Let’s Go for a Drive by Mo Willems¬†I love the extra being prepared nature of Gerald and the chanting together of certain words. I experienced this book when two girls in my class read it to me, one reading Piggie’s part and the other Gerald’s. They read with great expression and I giggled quietly.

Those Darn Squirrels Fly South¬†written by¬†Adam Rubin¬†and illustrated by¬†Daniel Salmieri¬†was shared by a guest reader in my class this week. I enjoyed it so much I brought it home to share with my own children. My son gave it a 6/5 rating! He is normally pretty stingy with his high scores but if it makes him laugh out loud, it fast becomes a favourite. Read about how my class enjoyed this story here. This is the¬†third¬†book featuring Old Man Fookwire and “those darn squirrels.” This title has some extremely humourous parts. I adored the squirrel hug, the creative flying contraptions the squirrels fashioned and as always Fookwire’s exceptionally grumpy ways (he berates the clouds for being too fluffy!)

Food Chain by M.P. Robertson.¬†I’ve had my eye out for M.P. Robertson titles new to me since I was reminded last week of how talented he is after reading Frank ‘n’ Stan. This book follows a little goldfish after he is flushed down the toilet by a boy whose¬†curiosities¬†turn thoughtless. The little fish ends up in the big ocean and we begin to see who eats who. Bigger seems better that’s for sure. Our little boy from the beginning of the story gets a few doses of what my students quickly recognize as “karma.” Gorgeous illustrations and few words on each page leave a lot of space to infer and discuss.

Keeping with the who eats who in the water world theme, I read Ugly Fish by Kara Lareau and illustrated by Scott Magoon¬†to the primary gathering this week. It definitely was a crowd pleaser from K to Grade 3! Ugly Fish is nasty to every visitor to his tank. So nasty in fact that after exchanging a few unpleasantries with each new fish, he gobbles them up. Eventually, he realizes that he may be King of his Tank but he is very alone. When a new fish arrives, and Ugly Fish has decided to change his ways, this new (bigger) visitor isn’t exactly ready to make nice. Spoiler: more karma. You can imagine what happens . . .

Binky Takes Charge by Ashley Spires.¬†Very hard not to adore Binky! I love what my ¬†daughter says about Binky: “I love Binky because he has all of these adventures but really he isn’t having them. But you wouldn’t want to tell him that. He’s too cute.” We loved meeting Gordon and laughed at how his eager puppy energy conflicted with Binky’s frequently scheduled naps.

The novel I finished this week was Sharon Creech‘s The Great Unexpected. I loved the lyrical and mysterious flow of this book. I’m hesitant to write about it in detail because I am still savouring the perfect mix of simplicity and complicated, reality and fantasy, memory and now. This story is many stories all shaken up into one, it becomes more powerful as bits and pieces intertwine with one another. In the end, it doesn’t really matter if it all makes sense. The journey and possibilities were divine.

Frank N Stan

When we met the book Frank N Stan by M.P. Robertson, we met a “new to us” but very experienced BLG reader, Magnus. Before we get into how wonderful this book is, we have to spend a few minutes to explore just how interesting it was that Magnus chose this book. You see, this book is about a robot of very large proportions. He towers over his creator in the most magnificent of ways! Magnus, it just so happens, does a little towering too. He is 6 foot 9! This did not go unnoticed from the seven and eight year olds amongst us! There were questions and comments and then some. Magnus handled them all with honesty, candor and lots of patient politeness! Kids don’t hold back . . .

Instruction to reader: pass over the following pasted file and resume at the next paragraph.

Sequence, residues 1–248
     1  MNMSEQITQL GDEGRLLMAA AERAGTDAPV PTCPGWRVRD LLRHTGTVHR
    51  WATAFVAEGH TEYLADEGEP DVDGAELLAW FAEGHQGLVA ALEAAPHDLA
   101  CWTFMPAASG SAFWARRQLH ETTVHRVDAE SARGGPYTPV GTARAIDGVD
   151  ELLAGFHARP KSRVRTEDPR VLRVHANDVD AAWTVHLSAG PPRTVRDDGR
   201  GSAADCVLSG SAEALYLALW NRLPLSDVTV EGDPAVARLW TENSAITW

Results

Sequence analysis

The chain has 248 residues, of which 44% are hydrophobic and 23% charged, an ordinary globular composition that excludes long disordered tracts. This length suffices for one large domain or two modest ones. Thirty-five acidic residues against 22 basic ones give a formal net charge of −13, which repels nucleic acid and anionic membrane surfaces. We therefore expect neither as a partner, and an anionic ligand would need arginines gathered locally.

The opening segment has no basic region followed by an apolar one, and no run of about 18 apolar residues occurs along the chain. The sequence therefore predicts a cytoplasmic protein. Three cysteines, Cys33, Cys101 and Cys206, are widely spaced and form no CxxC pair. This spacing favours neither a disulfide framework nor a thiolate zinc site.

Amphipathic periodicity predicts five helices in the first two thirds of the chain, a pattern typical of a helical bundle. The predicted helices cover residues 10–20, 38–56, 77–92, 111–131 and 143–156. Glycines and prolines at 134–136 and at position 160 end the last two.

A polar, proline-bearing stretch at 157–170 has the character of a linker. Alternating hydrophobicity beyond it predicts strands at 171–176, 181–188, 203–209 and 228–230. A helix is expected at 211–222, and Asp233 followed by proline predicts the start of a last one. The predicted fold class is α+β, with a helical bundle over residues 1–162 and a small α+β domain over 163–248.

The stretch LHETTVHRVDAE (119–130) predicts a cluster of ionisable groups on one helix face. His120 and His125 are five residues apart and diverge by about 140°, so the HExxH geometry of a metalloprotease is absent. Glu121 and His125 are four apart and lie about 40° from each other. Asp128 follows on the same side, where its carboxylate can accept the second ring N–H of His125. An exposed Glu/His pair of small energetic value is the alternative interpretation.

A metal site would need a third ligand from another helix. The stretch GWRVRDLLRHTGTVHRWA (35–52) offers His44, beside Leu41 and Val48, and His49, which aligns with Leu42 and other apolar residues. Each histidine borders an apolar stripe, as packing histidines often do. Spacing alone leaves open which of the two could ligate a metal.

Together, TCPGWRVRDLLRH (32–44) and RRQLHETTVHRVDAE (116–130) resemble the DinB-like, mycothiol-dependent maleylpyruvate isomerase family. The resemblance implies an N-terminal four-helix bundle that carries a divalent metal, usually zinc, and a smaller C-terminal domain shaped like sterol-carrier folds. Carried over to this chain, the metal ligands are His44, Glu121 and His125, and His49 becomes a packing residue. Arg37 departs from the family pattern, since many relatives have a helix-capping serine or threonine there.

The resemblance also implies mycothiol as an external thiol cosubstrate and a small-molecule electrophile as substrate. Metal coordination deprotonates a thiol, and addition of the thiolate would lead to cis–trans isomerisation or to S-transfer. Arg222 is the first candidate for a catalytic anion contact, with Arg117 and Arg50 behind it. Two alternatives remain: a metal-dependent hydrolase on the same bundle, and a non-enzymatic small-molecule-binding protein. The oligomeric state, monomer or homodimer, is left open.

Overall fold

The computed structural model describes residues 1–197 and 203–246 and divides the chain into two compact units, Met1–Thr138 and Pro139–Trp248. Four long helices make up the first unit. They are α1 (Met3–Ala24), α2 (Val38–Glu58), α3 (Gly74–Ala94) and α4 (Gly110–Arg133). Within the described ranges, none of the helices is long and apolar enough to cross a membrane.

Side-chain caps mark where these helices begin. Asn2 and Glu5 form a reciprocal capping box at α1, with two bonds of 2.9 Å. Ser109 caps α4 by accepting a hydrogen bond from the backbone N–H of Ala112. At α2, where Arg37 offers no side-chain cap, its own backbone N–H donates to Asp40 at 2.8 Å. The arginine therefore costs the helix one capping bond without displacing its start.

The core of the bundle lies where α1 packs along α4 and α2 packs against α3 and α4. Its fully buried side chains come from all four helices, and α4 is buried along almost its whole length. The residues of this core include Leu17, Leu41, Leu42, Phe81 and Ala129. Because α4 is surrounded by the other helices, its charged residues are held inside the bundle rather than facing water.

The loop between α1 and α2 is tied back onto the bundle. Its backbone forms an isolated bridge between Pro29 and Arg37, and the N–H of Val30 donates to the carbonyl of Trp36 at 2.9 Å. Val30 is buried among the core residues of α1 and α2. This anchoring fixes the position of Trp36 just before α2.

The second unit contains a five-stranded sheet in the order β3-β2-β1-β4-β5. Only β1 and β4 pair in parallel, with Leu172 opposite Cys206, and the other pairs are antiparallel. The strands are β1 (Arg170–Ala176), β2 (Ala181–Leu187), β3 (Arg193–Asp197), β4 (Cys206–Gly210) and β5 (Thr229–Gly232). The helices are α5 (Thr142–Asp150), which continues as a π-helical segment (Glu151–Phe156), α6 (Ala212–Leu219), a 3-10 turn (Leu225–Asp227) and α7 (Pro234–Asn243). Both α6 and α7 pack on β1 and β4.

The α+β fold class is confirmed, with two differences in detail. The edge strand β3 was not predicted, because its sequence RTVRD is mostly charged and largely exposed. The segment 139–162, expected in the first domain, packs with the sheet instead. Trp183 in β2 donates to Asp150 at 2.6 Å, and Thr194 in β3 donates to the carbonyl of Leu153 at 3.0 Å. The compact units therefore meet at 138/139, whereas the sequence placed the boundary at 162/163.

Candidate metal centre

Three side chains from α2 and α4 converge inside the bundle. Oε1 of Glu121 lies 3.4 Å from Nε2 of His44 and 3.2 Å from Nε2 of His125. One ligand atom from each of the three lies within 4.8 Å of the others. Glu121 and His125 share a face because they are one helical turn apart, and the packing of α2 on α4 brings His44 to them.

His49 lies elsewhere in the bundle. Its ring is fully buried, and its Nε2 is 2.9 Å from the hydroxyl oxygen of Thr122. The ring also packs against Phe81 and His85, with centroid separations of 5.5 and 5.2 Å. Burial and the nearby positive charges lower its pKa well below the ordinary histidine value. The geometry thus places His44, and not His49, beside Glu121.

“How come your feet are so big?” “How did you get so tall?” “Where do you get your clothes?” “Do you have a 6 pack?” “How many pounds are you?”

Once we knew everything about Magnus, we were ready to begin the story.

And what a wonderful story . . .

Frank would love a younger sibling but when his Mom said, “We’ll see” to his request, he decided to make his own brother. He built a robot and named him Stan. Stan was fashioned out of junk yard parts, sprockets, sockets and a battery. When Stan had an oil leak, one child commented quite seriously, “A robot’s blood is oil.” This robot was unusual, but we accepted him as part of the family! And the family appreciated him ¬†for all of his help. This robot vacuums and folds the laundry. “He is being helpful like a Mom,” somebody noted.

Most importantly, Frank loved all of the fun he and Stan had! There was noise and mess and more noise! What could be better? But then a baby girl came into the family. When the story mentioned that she might be a little smelly, students had a lot to say!

“Babies do smell.” “They poo and they pee.” “No, they have diapers!” “They still smell.”

Little baby Mary liked Stan and as she grew, she could do more and more with Frank. Stan began to feel left out and finally decided to leave the family. He trudged out into the snowy landscape, sad and alone. Students were quite upset!

“Oh no, what if he cries?” “He might cry oil!” “The oil tears will go down and make him rusty!”¬†

Poor Stan. eventually he conked out and lost all of his power, slumped down in the snow. Back at Frank’s house, Stan was missed. Frank went searching for him. For a few moments, our room was quiet, intently listening to see if Frank found Stan out in the snowy woods. Was he found? Well . . . Let’s just say our room erupted in applause at the end!

And (spoiler alert) little sister Mary said her first word when she was reunited with Stan. What was it? “Stan!” of course. (Reminded me of the ending of Knuffle Bunny :-))

M .P. Robertson has detailed, creative illustrations that make his books perfect for multiple rereads and quiet exploration. I think this is fast on its way to being one of our class favourites!